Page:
Home > Cool Jazz > Paul Desmond…”The Sound of the Dry Martini”

Paul Desmond…”The Sound of the Dry Martini”

Paul Desmond (November 25, 1924 – May 30, 1977) was a jazz saxophonist and composer. He came to prominence with the Dave Brubeck Quartet, which lasted from 1951 until 1967. Desmond was the definitive “cool” alto saxophonist, with a style that slightly bore some resemblance to that of Stan Getz, except Desmond liked to milk the high notes more.   He indulged in counter-melodies with Brubeck (who played piano) and played witty, yet logical solos that really drove the Brubeck quartet.  He rarely played solos in double-time, preferring a cool, laid-back setting, but his solos contained surprising twists.  He is probably best known for his classic solo on his composition “Take Five.”

Paul Desmond was widely quoted as saying that he wanted his saxophone to sound like a dry martini. That quote could apply to the man himself: he was urbane, witty, sophisticated, and the music he made was intoxicating

Paul Desmond Quotes:

  •  I could only write at the beach, and I kept getting sand in my typewriter.
  • His reason for not pursuing a literary career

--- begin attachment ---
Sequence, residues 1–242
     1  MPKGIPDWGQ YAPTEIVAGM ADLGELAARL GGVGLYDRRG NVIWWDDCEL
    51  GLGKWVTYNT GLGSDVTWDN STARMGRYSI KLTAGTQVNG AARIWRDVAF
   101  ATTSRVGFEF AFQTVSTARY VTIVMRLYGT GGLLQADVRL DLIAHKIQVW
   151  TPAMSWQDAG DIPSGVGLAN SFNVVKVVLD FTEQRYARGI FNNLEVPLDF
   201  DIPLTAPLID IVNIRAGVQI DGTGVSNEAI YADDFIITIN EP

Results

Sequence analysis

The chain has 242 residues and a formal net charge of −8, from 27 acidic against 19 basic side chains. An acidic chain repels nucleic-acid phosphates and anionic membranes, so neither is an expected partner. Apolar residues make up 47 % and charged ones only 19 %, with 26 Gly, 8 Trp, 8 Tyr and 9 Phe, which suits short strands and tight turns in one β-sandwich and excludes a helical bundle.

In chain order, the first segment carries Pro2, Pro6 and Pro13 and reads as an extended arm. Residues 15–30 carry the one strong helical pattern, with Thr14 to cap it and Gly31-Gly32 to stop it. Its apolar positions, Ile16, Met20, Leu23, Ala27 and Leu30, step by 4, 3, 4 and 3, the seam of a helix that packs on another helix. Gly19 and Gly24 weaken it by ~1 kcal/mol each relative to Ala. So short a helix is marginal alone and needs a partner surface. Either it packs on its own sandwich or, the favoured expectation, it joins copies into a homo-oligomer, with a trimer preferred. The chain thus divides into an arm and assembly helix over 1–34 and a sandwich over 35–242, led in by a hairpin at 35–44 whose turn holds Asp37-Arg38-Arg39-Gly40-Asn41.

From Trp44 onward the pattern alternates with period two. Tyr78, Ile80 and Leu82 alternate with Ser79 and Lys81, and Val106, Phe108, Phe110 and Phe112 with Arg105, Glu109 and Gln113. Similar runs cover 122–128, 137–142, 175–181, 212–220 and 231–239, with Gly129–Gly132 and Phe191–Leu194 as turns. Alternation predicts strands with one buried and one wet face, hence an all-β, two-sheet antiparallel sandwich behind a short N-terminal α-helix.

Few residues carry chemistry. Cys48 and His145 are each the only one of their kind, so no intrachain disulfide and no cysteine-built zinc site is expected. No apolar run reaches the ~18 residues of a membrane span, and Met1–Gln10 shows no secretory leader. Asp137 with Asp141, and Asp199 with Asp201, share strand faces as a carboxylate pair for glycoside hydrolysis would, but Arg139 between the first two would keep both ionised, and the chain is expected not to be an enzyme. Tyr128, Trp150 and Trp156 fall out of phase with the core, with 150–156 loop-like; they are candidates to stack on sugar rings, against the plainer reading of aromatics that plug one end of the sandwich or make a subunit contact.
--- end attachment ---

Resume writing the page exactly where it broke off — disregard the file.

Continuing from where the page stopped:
• I hate the way he writes. I kind of love the way he lives, though.
    • On writer Jack Kerouac
  • I have won several prizes as the world’s slowest alto player, as well as a special award in 1961 for quietness.
  • I think I had it in the back of my mind that I wanted to sound like a dry martini.
    • About his distinctive light sound
  • I tried practicing for a few weeks and ended up playing too fast.
    • About the value of practice
  • I was unfashionable before anyone knew who I was.
    • About his playing style
  • It’s like living in a house where everything’s painted red.
    • On Ornette Coleman’s playing
  • Not for me. If I want to tune everybody out, I just take off my glasses and enjoy the haze.
    • On contact lenses
  • Sometimes I get the feeling that there are orgies going on all over New York City, and somebody says, `Let’s call Desmond,’ and somebody else says,’Why bother? He’s probably home reading the Encyclopedia Britannica.’
  • Well, that I’m not playing better.
    • When asked by Gene Lees what accounted for the melancholy in his playing
  • Writing is like jazz. It can be learned, but it can’t be taught.
Paul Desmond

Paul Desmond

Paul Desmond Gerry Mulligan

Paul Desmond Gerry Mulligan

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